First off, I experienced this book as an audio book. The reader enunciated well and read at an acceptable pace. Now on to the book itself.
American Women: Four Hundred Years of Dolls,
Drudges, Helpmates and Heroines really is a four hundred year history of
American women in the United States. It starts with the colonies, and
the first European woman to give birth in America (Eleanor Dare),
although obviously women had been having babies in America long before
Eleanor and the Roanoke colony, all the way to the present and the
women's liberation movement. In between, it details suffrage, women in
the workplace, women's place in the wars, and more. And it goes into
detail on certain women, like Annie Oakley and Harriet Tubman. A lot of
history is covered here.
With so many wonderful women to choose
from its not surprising that Collins went with some of the obvious like
Harriet Tubman, Rosa Parks, Harriet Beecher Stowe, and Betty Friedan.
But it was nice to learn about Eleanor Dare, who I'd never even heard of
before and a few other women that led extraordinary lives but are
rarely mentioned in popular history. And it had stories about the
average woman, and her reactions to the world around her and the
restrictions placed on her life. Stories that were as mundane as what
the style was for women (big hair anyone?) to those little known
histories of the first slaves brought over and their jobs selling
produce on the streets.
There is a lot of history in this book.
400 years of it, although a bigger portion was spent on some areas of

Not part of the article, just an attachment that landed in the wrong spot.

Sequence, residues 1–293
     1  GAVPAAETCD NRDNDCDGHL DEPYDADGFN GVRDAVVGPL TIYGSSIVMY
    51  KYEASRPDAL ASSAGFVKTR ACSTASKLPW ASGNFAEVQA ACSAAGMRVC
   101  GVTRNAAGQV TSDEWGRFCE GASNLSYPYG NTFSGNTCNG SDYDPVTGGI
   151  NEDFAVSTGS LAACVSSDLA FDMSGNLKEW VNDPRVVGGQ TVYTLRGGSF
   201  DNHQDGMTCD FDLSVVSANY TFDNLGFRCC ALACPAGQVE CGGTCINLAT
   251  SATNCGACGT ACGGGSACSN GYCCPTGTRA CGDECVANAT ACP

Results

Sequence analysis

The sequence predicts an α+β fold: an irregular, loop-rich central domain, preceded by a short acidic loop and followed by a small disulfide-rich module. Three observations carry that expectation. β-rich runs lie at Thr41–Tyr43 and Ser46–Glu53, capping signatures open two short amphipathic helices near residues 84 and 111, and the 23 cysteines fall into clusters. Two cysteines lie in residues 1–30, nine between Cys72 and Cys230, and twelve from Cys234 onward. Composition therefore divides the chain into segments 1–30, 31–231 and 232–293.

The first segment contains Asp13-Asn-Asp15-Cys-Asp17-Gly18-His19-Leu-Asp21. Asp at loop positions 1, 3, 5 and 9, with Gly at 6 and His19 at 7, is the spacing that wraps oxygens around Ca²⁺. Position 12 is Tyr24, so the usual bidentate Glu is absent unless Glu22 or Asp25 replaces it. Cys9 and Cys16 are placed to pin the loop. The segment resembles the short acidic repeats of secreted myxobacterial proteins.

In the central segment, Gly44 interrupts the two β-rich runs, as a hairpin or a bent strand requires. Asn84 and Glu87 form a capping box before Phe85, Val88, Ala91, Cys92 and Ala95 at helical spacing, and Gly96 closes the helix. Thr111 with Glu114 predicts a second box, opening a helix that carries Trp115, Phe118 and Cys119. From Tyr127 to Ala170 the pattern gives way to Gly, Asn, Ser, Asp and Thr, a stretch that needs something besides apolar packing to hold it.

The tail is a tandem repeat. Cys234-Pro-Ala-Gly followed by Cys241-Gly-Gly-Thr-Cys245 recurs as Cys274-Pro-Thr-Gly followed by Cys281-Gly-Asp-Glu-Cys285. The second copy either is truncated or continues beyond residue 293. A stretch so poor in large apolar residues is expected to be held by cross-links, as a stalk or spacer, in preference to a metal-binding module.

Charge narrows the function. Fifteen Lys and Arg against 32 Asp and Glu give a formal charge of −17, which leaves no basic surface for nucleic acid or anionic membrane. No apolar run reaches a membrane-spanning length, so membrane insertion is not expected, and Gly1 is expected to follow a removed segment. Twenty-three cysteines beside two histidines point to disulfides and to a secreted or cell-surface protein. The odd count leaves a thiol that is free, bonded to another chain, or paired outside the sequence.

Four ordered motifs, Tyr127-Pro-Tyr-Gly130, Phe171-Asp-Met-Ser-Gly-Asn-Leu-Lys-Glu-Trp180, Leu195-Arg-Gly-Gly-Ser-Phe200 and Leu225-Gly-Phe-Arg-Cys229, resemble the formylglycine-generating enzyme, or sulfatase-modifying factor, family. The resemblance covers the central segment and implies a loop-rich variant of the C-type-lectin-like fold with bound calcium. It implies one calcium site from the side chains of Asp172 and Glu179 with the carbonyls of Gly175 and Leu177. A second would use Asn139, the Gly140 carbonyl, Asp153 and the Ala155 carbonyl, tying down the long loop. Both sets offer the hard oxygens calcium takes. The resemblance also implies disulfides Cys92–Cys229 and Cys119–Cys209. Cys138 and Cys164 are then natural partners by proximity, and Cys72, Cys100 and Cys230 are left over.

the book and it wasn't evenly doled out among the 400 years. In fact,
suffrage was probably the biggest part of the book, with women's
liberation following closely behind. While these are important topics, I
would have loved to see as much detail go into the years before that as
well. Sure we got the story of Annie Oakley and Calamity Jane, but it
just wasn't as extensive. This book actually did go into some details I
didn't expect though. In fact, it's the first book I've read where it
actually talks about pads and tampons. And while the book predominately
focused on European woman, it did go a little bit into the history of
Black women and their rights as well. The introduction does apologize
for not including other minorities on the basis of the history not being
recorded as well. But overall, the book was well written, chock full
of details, and an enjoyable bit of history (a genre I'm normally not
too fond of).
A very interesting book and well worth reading. It
definitely brought some new topics of interest to my mind that I might
want to research further.